Winnie the Pooh: Blood and Honey’s opening act, where Christopher Robin returns and gets kidnapped, is honestly the best part of the film where the entire joke is played out as well as one could hope. Elements of the opening are animated in a crude storybook style that feels at home in a Winnie the Pooh story but with everything just being a little twisted to sell the idea. The design of the Hundred Acre Wood absolutely feels like something a kid and some friends would assemble if it was left to slowly rot over the years, the little details like the sign indicating that this is the Hundred Acre Wood or Eeyore’s grave are strange but feel like they belong here. They even cover up some of Christopher’s eventual kidnapping with another bit of strange animation, it feels like they have an idea here that could actually work if they stuck with it… and then Winnie the Pooh: Blood and Honey just changes into a generic home invasion film and it becomes boring as hell.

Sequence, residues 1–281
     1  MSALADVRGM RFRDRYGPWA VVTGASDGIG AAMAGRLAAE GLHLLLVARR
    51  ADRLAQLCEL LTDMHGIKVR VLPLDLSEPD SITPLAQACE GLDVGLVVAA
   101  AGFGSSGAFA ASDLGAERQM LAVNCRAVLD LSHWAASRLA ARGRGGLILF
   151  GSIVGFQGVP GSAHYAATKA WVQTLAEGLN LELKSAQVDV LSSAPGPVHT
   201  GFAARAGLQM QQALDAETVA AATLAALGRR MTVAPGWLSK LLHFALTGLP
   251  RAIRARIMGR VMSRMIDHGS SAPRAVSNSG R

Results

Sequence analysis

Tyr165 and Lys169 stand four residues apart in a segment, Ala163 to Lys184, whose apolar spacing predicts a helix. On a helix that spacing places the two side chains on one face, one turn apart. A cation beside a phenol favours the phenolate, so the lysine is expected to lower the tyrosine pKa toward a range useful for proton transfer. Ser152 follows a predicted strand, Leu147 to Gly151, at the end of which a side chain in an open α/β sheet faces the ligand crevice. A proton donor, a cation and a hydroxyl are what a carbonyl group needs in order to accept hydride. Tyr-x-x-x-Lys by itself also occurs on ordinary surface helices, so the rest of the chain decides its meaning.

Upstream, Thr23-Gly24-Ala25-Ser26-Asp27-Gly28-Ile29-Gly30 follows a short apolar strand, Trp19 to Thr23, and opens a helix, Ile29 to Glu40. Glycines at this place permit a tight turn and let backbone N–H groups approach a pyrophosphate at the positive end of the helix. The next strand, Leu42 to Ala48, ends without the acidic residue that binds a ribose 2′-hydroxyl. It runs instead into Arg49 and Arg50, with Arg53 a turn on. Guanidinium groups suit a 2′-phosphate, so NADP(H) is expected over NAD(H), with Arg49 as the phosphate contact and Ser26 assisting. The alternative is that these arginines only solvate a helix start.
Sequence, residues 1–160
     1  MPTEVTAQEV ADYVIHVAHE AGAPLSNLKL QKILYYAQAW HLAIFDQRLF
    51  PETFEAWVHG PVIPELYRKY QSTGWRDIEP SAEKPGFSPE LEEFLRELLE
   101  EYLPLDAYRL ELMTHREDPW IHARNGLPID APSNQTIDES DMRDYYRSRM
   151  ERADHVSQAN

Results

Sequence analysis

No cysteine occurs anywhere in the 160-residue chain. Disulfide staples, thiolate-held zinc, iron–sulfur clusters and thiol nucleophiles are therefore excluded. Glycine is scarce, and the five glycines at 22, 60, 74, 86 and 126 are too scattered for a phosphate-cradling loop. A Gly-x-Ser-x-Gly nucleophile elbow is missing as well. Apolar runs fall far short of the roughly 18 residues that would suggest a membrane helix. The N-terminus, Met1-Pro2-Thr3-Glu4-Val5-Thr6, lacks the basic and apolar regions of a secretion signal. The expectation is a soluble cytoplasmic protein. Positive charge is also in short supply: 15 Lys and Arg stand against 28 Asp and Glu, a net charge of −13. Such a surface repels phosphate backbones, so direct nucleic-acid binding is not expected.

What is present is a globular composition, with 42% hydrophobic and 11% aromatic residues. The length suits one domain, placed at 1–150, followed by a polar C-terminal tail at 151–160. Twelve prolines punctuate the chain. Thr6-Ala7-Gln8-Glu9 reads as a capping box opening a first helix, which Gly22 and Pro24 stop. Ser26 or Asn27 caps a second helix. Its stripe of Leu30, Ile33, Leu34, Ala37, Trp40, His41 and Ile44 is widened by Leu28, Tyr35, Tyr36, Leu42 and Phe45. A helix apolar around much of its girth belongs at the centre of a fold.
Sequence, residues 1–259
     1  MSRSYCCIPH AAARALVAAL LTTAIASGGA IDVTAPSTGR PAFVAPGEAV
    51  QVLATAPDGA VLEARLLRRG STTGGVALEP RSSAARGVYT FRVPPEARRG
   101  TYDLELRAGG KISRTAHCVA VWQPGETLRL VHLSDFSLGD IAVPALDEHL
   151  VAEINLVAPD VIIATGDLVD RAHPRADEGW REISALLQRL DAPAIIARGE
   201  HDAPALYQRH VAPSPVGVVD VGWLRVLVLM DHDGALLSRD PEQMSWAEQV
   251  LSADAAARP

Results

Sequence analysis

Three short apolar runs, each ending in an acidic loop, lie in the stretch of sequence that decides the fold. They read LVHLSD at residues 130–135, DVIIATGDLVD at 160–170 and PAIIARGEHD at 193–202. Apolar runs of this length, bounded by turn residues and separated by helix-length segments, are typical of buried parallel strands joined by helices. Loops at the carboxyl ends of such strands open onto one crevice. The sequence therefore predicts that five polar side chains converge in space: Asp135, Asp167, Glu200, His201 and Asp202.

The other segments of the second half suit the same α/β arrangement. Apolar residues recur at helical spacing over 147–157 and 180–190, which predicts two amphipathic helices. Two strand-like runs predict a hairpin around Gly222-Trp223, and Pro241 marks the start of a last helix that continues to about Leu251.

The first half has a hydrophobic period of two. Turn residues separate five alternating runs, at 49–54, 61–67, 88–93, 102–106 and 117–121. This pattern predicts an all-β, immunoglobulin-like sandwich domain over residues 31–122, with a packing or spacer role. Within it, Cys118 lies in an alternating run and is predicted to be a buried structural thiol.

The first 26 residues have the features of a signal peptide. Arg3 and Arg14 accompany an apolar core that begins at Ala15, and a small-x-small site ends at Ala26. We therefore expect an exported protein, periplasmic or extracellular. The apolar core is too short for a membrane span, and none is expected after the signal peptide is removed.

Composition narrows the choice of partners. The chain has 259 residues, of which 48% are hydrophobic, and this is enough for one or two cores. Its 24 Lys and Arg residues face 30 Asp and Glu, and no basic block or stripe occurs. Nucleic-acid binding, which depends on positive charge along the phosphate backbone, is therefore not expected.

For the majority of Winnie the Pooh: Blood and Honey we are subjected to a gaggle of annoying characters with no personalities or distinguishing features to make them worthy of being remembered who are picked off in ways that could appear in literally any horror movie ever. Are the effects good? Sure, practical gore effects are always welcome and it’s undeniable that there is some great work being done here but none of it fits with the actual idea of the film. Every kill feels like it could be in any generic straight-to-VOD horror film that’s been thrown up on Tubi in the last 5 years, you could replace Pooh and Piglet with just a couple of big guys with bags on their heads (which isn’t far off from what Pooh and Piglet loook like in Winnie the Pooh: Blood and Honey) and lose nothing at all.